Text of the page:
Who wants to flip through a few records?
When I started my etsy shop in 2006, it was an online outlet for me to sell the beaded jewelry that I make. Mostly “statement necklaces,” before I’d ever heard of the term. I was known for using chunky gemstones in unusual color combinations. Unusual for 2006, but inspired by the colors of the vintage clothing I’d been collecting for two decades.
I didn’t actively seek out vintage clothing, but I do love it and I seem to have a knack for finding a dress from the ’60s or a skirt from the ’50s mixed in with all the flotsam and jetsam of a tightly-packed thrift store. Over the years, my collection grew. Sometimes I would find a beautiful dress that wasn’t my size, but the thought of some “upcycler” finding it and “modernizing” it makes my skin crawl, so I would buy it to keep it out of irresponsible hands. Now my closet has dresses for me, and dresses for… well, for who? Ostensibly for me, with a little tailoring… or a lot of tailoring. But there are people out there for whom those dresses will be a perfect fit. So I decided to sell the excess out of my etsy shop, as long as I already had one up and running.
Well now, that introduced a bit of an issue. You see, people liked what I had found. And they wanted more. And I like making people happy. Not only that, but being out of “proper” work means that I have time during the weekdays, when most folks are otherwise engaged, to go hunting for stuff. And the patience. And the deep love and appreciation for my prey. The thrift stores, around here anyway, are good about selling clean clothing. I rarely find an item in an ARC or Salvation Army that smells of smoke or has surface dirt beyond what it might pick up from being dropped on a dusty linoleum floor. That being said, there’s a nearby Goodwill that I will go to only on rare occasions, partly because it’s mostly the crappiest of crap and partly because I want to bathe in Purell whenever I leave. ::Shudder:: Thrift stores can be surprisingly consistent. Consignment stores will have a selection with far less junk in the way, but they charge higher prices (and rightly so, since they’re paying their suppliers rather than relying on donations). However, I am cheap frugal living on a tight budget and assume my customers are as well, so I try my best to find bargains that I can pass along.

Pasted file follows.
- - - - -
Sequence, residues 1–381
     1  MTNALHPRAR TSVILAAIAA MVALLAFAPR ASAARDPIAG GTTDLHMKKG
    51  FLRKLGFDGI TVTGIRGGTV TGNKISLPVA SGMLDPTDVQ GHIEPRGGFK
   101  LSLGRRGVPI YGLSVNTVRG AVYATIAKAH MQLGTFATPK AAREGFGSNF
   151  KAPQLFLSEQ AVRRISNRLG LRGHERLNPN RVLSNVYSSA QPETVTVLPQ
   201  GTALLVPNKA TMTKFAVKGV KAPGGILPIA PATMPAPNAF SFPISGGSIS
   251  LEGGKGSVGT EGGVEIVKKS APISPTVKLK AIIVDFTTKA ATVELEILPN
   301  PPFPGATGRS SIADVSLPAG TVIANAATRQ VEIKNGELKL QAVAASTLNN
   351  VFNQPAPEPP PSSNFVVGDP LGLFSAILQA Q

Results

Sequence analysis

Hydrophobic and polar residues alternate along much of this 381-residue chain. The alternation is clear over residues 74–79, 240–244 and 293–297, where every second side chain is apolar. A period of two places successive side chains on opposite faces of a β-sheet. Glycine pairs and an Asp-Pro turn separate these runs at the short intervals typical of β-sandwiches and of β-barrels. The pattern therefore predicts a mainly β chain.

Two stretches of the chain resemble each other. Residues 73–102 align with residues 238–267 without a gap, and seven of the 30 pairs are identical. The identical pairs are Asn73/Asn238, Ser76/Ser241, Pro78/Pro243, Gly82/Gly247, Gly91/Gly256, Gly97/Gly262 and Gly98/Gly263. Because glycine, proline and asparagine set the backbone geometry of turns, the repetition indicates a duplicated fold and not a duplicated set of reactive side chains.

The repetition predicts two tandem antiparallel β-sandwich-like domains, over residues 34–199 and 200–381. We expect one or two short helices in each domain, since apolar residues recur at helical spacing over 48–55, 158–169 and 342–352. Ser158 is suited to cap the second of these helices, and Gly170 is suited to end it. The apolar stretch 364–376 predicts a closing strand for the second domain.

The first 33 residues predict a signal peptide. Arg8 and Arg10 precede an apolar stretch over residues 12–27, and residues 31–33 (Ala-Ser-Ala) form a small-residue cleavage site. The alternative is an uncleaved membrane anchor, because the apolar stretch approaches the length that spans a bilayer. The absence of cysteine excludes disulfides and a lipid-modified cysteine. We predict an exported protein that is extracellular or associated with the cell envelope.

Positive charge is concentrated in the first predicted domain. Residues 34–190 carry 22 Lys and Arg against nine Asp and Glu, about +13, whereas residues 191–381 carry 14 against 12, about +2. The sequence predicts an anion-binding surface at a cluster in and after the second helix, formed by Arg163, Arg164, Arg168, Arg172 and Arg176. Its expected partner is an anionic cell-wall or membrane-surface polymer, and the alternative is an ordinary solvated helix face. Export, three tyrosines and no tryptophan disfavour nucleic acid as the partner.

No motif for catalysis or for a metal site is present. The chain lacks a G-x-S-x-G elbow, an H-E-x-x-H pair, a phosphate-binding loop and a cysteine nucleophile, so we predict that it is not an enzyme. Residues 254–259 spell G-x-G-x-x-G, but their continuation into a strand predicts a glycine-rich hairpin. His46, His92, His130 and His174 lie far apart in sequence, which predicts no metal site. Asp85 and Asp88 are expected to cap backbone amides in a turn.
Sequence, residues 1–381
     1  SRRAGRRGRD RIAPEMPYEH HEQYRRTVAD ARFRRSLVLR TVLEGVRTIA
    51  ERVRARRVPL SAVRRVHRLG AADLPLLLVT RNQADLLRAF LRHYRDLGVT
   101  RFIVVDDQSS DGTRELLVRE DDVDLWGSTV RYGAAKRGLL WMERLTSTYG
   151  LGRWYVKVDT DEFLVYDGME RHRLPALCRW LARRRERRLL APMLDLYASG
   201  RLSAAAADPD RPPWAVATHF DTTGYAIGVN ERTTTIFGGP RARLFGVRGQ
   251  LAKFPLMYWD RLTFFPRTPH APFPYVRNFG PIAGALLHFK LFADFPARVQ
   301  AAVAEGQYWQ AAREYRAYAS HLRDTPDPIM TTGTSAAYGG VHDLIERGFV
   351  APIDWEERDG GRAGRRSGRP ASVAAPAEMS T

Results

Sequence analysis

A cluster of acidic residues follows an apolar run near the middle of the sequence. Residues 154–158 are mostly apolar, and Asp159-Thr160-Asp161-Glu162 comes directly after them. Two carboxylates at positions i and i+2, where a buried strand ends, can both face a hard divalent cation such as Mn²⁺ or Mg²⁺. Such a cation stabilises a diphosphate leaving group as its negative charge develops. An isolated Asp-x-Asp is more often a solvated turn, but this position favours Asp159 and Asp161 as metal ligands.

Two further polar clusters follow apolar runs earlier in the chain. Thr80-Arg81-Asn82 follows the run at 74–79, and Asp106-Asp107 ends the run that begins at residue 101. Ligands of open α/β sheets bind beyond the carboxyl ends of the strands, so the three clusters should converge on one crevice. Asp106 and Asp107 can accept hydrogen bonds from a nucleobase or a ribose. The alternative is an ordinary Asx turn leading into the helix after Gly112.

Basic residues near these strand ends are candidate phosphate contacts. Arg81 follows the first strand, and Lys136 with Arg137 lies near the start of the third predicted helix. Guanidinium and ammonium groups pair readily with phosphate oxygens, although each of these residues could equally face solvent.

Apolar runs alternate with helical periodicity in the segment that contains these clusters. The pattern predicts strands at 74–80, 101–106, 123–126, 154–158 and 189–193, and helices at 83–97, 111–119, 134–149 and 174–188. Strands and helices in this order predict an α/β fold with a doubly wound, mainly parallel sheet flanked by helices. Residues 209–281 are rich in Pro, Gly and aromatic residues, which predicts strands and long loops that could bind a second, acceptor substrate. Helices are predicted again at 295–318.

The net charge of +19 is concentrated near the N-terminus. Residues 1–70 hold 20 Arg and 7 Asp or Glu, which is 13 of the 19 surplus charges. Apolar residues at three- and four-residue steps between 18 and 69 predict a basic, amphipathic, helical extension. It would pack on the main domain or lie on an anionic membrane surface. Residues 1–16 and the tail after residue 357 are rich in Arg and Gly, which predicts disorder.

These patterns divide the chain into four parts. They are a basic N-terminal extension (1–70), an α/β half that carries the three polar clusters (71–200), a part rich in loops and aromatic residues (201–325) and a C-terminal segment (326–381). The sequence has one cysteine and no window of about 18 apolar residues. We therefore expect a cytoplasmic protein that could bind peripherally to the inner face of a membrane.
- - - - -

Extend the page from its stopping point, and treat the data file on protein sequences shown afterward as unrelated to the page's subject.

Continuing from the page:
And so I hit up estate sales. Typically, Ol’ Widow Jones, after living for 30-40-50 years in her suburban ranch home, the last few without the companionship of her beloved husband, has passed on. Her children have cried and bickered and quarreled over who gets which lamp or Hummel figurine or clock or sofa, and what’s left is too overwhelming for them to deal with. They can either set mom’s house on fire, or hire a company to come in, empty out all of the drawers and cabinets and boxes, price everything, and have a 3-day garage sale. When was the last time you moved? Remember how much stuff you couldn’t believe you had accumulated? Multiply it by a factor of… 10. Now, when you put stuff out for a garage sale, you dust it off. You wash it. You sweep out the garage, you move stuff that isn’t for sale onto the back patio for now. You’ve probably thought about that garage sale for three months. This estate sale was organized in a week. The fact that stuff is priced at all is impressive. Clothing is hung in the closet, exactly as it was found. Dresser drawers full of half-slips and Playtex bras are emptied into cardboard boxes, which will be pawed through by hundreds of people over the next three days. 75 church guild cookbooks are cleared out of the cabinets and piled on a folding table. Gardening pesticides that were outlawed in the ’70s are loosely organized in the garage. Over in the corner is grandpa’s box of 45s, the box that got wet when the pipes froze in ’86, and it dried up eventually but not until mold had time to form. Over here is grandma’s stash of brightly-colored polyester double-knit fabric from when she was still sewing her own clothes in the ’70s. The basement still smells “off” from the time when poor Rex was accidentally locked in there for 12 hours, and everybody was outside looking for him.
I went to a sale last weekend that was a little creepy for me, because I actually knew the homeowner. Mark, a neighbor of mine, lived alone with his two small dogs, Romeo & Juliet. I almost didn’t go at all, but I assume that Mark’s college-age daughter had hired the estate sale crew, and I wanted to make sure that she got as much money as possible to help her with expenses. The carpet and padding had been removed before the sale was staged, but you could still smell all the times that Romeo & Juliet didn’t get outside as quickly as they needed.